You’ve heard of the “Freshman 15”…but could there be such a thing as the “Frosty 15”? It’s not a far-fetched proposition, based on a recent study led by researchers at University of Liverpool.
It’s no secret that cold weather turns many people into couch potatoes, so researchers wanted to investigate how inactivity affects the body. Most research analyzing the physiological effects of inactivity is based on space flight or bed rest. However, this study, which was presented at the Future Physiology 2019 conference in Liverpool, looked at healthy adults of different ages…and the results were eye-opening.
Study details: For this research, 26 younger participants (in their 20s and 30s) and 21 older participants (in their 50s and 60s) all performed about the same amount of moderate physical activity—more than 10,000 steps per day but no vigorous exercise. The participants were then asked to reduce their daily step count to 1,500 for two weeks to mimic the drop in activity that often occurs during the holidays or when the weather turns bad or illness strikes.
The results: The younger and older groups both experienced losses in leg strength (5% and 8%, respectively) and gains in body fat (2.4% and 0.7%). The two groups also had losses in muscle size and bone mass.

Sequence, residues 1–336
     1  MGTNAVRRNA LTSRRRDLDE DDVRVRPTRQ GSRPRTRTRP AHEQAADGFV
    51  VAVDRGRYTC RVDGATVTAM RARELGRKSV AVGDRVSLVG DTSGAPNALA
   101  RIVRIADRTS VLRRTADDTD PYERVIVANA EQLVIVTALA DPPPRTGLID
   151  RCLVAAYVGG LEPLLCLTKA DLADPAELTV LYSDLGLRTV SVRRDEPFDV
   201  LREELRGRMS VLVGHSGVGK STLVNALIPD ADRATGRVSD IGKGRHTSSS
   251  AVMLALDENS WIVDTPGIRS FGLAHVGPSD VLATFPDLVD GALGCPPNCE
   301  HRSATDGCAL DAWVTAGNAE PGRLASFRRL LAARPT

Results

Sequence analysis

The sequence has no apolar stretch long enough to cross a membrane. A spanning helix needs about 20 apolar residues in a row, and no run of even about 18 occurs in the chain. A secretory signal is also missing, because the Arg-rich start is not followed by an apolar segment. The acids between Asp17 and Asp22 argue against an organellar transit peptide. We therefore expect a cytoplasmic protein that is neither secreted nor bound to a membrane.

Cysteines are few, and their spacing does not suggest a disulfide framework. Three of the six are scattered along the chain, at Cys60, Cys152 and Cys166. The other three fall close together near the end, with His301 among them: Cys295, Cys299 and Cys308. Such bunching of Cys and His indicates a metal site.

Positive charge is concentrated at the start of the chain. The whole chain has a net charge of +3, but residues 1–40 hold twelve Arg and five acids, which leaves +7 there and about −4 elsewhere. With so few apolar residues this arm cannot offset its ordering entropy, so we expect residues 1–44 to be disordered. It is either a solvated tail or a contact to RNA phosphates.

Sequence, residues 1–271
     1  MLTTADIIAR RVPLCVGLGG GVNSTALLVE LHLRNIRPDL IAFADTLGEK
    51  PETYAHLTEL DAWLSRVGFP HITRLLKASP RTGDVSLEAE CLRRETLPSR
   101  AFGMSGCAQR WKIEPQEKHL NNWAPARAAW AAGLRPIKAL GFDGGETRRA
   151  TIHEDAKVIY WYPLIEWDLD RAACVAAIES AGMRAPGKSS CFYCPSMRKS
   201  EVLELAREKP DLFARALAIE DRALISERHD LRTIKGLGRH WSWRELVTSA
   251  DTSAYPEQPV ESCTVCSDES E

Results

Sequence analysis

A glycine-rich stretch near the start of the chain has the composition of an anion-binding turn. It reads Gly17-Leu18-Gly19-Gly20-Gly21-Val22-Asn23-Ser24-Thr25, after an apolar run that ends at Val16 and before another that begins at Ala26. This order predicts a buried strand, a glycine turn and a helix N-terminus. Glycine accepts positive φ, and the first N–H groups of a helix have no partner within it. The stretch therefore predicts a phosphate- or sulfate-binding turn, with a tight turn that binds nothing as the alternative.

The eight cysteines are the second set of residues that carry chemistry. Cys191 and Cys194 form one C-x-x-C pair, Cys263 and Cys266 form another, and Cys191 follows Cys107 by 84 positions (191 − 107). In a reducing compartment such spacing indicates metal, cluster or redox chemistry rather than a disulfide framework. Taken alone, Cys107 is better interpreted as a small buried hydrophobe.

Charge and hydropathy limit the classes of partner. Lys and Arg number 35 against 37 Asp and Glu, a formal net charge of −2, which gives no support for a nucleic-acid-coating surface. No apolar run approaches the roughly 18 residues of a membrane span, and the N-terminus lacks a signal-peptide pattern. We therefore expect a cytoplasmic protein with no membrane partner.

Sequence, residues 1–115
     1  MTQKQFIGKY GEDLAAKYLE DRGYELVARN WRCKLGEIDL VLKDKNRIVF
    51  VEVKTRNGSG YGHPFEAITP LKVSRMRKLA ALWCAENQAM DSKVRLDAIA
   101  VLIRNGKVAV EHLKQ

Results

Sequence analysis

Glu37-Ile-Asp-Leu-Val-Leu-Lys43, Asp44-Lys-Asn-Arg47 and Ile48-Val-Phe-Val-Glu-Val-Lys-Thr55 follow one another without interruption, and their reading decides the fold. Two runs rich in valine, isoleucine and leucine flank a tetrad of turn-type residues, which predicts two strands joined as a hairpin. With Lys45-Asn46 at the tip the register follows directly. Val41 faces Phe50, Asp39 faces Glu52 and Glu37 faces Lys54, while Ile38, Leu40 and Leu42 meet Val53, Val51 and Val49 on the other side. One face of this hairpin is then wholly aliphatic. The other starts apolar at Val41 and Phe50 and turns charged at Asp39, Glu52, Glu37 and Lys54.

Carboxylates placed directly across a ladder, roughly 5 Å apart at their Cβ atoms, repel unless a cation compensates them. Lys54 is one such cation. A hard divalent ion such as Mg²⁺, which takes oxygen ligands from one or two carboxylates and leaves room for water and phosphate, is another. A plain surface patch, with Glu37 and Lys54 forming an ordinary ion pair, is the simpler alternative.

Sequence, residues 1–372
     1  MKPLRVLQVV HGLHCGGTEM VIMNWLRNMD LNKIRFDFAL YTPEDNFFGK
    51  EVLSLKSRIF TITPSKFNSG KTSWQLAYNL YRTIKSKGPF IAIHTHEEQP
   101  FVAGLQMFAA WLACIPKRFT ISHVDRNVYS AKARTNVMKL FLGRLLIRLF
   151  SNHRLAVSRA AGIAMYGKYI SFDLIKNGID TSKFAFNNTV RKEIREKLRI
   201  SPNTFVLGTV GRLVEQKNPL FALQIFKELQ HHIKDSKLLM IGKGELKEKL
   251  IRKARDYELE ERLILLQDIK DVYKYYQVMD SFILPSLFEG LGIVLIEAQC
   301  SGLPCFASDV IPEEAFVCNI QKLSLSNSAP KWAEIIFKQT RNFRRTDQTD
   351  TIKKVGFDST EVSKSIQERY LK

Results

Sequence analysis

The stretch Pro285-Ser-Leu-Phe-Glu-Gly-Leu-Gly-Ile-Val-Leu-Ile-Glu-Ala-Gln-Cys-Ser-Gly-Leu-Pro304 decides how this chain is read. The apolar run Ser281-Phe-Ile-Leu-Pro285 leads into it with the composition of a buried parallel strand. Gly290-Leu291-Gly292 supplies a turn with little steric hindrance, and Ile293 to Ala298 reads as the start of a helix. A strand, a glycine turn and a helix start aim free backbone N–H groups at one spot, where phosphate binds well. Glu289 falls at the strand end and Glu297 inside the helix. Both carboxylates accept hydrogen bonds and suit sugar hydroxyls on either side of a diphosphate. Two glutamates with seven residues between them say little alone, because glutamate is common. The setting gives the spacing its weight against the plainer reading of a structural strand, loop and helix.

Here’s the kicker: Because the older participants had more body fat and less muscle than the younger participants at the beginning of the study, the researchers theorize that these changes are likely to have a bigger impact on the health of the older group.
In two other important measures, the older adults fared much worse than the younger group. Cardiorespiratory fitness (the body’s ability to transport oxygen during sustained physical activity) declined twice as much (10%) in the older adults than in the younger group. In addition, mitochondrial function (a measure of the energy that runs the body’s cells) fell by 19% among the older adults versus about 4% in the younger groups.
The greater declines that occurred in the older adults’ cardiorespiratory fitness and mitochondrial function were considered noteworthy by the researchers, who explained that these changes are commonly reported in people who are in poor physical health.
“If the gym is hard to get to, people should be encouraged to just meet 10,000 steps, as even this can guard against reductions in muscle and bone health, as well as maintain healthy levels of body fat,” explained study author Juliette Norman, a PhD student and researcher at University of Liverpool.
For smart ways to stay active this winter: When cold weather keeps you inside, you can move around the house to your favorite songs…or get steps while enjoying this video.
Or check out fitness expert Denise Austin’s winter weather exercise recommendations here.
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